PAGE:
The Texas Poison Center blog is here to provide useful information and tips on dealing with toxins and poisons that we are sometimes unintentionally exposed to in or out of the home. This blog is not meant to replace calling a Poison Control Center. Poison centers offer free medical advice 24 hours a day, seven days a week through the Poison Help Line at 1-800-222-1222.
1.Tell me your history
with poison control. How long have you worked there/what is your background:
I have been with the South Texas Poison Center since early
2018.Before this appointment I was
working with the University of Texas Health Science Center in San Antonio.I have been working in various operations
and administration roles in the public and private sector for the last 20
years. I am excited to be a part of the Texas Poison Control Network.
2.What do you think is
one of the most important aspects of poison control services?
The most important aspect of the poison control service is a
role that specialists in poison information (SPI) play as direct service
providers in emergency situations.Through poison centers the public has access to our experienced and
knowledgeable healthcare practitioners.Our team of SPIs offer poison prevention and treatment advice in English
3.What do you enjoy
most about your job and why?
I enjoy my job because I am making a difference in someone’s
life every day.I have the privilege of working
with a great team to achieve the mission of the South Texas Poison Center
(STPC) and the Texas Poison Control Network (TPCN). As a team, we serve
thousands of people a year with a strong service commitment and dedication to
the community. My role is to ensure that service operations of the center are
efficient and effective. I have a unique opportunity to guide the organization
and provide a vision for the future by creating strategies and infrastructures.
4.What do you think
the public needs to know regarding poison control?
I think the public needs to know that the poison centers are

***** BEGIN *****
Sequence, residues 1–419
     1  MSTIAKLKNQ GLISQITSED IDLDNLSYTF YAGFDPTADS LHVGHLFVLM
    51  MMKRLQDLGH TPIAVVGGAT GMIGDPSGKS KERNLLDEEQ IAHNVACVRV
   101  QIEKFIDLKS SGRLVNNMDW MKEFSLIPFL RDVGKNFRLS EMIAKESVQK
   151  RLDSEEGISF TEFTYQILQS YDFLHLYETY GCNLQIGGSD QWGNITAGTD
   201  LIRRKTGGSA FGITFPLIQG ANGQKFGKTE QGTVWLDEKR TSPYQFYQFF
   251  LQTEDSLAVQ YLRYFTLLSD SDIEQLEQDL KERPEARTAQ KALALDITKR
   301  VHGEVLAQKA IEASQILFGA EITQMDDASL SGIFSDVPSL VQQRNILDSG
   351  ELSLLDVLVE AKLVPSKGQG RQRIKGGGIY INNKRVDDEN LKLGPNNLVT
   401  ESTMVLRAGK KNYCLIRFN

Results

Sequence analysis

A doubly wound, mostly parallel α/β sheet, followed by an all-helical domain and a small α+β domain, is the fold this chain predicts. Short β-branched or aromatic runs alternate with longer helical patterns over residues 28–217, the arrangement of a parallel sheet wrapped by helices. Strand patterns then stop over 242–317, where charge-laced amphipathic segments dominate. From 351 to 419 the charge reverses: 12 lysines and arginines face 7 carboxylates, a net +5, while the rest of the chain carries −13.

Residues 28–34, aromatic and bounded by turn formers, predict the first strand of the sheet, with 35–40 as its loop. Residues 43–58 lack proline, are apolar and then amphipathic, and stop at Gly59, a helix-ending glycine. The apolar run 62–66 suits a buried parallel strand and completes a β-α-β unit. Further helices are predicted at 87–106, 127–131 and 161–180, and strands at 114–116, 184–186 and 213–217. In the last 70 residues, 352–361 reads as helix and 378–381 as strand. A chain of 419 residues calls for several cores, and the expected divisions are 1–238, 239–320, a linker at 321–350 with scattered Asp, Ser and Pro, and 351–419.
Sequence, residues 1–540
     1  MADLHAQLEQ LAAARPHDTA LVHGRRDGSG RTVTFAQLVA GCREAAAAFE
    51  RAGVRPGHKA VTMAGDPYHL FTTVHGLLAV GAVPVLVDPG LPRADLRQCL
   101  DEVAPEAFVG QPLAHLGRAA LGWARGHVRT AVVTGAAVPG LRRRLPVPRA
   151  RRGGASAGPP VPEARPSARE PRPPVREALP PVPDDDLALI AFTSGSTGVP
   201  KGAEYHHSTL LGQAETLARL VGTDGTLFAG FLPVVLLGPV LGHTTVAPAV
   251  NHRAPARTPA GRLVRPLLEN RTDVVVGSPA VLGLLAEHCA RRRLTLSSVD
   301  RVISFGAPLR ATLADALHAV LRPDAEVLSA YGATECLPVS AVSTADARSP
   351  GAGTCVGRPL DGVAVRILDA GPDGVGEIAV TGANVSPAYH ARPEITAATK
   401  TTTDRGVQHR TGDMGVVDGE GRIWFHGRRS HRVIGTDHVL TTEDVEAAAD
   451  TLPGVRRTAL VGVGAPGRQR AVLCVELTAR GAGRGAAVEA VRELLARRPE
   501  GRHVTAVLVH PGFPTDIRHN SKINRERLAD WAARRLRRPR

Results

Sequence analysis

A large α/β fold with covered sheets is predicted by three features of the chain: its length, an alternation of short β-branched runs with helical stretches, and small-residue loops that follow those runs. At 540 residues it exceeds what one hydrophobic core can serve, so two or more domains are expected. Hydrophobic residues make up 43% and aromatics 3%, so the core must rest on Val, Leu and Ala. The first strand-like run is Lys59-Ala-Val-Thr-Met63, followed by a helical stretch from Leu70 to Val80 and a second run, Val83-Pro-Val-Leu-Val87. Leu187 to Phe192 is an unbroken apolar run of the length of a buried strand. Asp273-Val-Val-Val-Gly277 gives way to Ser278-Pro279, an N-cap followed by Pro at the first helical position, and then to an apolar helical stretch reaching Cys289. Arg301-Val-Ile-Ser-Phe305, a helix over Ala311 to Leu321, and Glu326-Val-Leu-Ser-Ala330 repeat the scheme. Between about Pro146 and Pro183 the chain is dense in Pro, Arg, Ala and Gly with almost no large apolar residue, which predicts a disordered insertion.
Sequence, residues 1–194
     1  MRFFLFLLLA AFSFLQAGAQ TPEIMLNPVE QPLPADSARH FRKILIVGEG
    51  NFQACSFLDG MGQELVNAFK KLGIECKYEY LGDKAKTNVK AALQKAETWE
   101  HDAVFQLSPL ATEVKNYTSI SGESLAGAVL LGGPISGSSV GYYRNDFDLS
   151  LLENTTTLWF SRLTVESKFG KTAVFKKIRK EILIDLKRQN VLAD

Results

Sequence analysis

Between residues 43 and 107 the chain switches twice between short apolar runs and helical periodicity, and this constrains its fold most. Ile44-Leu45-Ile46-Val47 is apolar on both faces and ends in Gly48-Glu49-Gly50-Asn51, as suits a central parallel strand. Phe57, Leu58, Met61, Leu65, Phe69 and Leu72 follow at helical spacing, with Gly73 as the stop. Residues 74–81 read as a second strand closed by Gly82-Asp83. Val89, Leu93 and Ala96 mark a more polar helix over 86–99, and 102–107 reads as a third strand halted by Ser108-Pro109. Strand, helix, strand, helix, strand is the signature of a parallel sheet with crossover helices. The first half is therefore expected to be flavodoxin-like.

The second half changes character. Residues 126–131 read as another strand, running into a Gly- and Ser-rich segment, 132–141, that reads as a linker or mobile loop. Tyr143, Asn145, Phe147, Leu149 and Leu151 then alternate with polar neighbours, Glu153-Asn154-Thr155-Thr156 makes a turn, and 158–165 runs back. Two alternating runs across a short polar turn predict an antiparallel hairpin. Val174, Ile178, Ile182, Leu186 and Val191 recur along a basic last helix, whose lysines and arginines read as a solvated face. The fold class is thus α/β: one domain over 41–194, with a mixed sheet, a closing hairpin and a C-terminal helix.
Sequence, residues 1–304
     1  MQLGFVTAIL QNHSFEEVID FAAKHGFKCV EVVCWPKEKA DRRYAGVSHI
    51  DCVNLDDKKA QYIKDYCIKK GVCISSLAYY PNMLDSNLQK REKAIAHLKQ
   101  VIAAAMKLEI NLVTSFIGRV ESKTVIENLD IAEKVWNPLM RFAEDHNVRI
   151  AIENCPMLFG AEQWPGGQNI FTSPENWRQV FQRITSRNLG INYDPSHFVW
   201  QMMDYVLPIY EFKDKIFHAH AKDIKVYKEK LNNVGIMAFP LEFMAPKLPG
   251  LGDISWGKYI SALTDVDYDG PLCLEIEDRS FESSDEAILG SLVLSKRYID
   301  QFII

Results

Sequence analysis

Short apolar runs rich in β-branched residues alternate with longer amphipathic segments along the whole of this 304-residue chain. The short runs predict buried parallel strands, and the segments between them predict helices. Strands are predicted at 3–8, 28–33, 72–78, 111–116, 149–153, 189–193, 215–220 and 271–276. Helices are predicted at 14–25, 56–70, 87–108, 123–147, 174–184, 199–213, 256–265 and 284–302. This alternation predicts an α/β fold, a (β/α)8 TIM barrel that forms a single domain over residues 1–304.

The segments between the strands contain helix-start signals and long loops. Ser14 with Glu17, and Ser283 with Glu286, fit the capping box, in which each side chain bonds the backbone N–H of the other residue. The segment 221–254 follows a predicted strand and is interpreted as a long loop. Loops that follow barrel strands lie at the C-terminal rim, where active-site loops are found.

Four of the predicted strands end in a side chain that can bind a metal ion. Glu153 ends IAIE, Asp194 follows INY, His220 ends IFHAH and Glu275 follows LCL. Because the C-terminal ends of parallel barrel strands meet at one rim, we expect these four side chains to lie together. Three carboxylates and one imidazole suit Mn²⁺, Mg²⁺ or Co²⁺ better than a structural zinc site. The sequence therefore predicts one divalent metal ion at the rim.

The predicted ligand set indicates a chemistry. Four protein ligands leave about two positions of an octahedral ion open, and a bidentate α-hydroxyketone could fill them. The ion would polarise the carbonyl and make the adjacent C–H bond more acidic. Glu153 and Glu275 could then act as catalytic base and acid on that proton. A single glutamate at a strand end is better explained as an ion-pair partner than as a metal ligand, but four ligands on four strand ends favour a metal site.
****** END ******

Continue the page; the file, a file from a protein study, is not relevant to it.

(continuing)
staffed with certified medical practitioners.The value that their knowledge and experience brings to the center is
significant.I would also like them to
know that our teams truly get invested in every call and ensuring the
communication of accurate healthcare information to improve the outcomes in
each specific case.
5.Share a funny story
here that might have happened on the job.
As a new Director there have been plenty of funny and
frustrating first experiences. The most recent happened when I was scheduled to
attend my first CSEC meeting in Austin.I had my directions and parking information on hand.I timed my travel to ensure that I would
arrive on time. Once I arrived to the CSEC building I could not find the
parking garage and did not have much time to spare.I called the office they reiterated the
directions but I still could not locate the parking area. After a few times
(estimating about 4 times) around the building, I finally saw the
entrance.If you have never visited the
building, the entrance to the parking garage actually slopes down underneath
the building but it is masked by the public sidewalk. There is no garage
entrance sign as one would expect.Needless to say, I parked, made my way up to the offices and with only a
few minutes to spare-another crisis averted!
The Texas summer heat is in full effect, and it is important
to be aware of snakes in rural and wildlife areas, and particularly
rattlesnakes. Since many people enjoy hiking, biking and other outdoor
activities during the summer months, there is an increased chance of running
Encountering a rattlesnake in the wild can be a scary
experience, but it is important to stay calm and give the snake plenty of
space. You want to make sure there are at least five feet between you and the
snake at all times.While rattlesnakes
are venomous, the good news is that if you leave it alone, it will most likely
leave you alone too. If you have children or pets with you when you come in
contact with a snake, make sure to protect them by keeping them as far away from
it as possible.
Recently, people have found rattlesnakes in their backyards
hiding under shrubs, piles of debris and anything else they can easily hide
under. While it might be tempting to get close to the snake to get a better
look or even try to kill it, it is better to give it space and leave it alone.Approaching a snake will only increase your
chances of getting bitten.Contact a professional
to remove the snake if it’s in your property. It is important to remind the
professional when they come out to remove the snake to also to check the rest
of your yard for other snakes, just to make sure.
If you get bitten by a rattlesnake, call 911 or get to a hospital right away! Call poison control while
help arrives or while on your way to the hospital at 1-800-222-1222.
Initial symptoms may include:
•Bloody discharge from wound
•Progressive swelling starting at the bite sites
•Burning and redness
•Dizziness and/or blurred vision
•Nausea and vomiting
•Fainting or convulsions
wait for symptoms to show up, get help right away!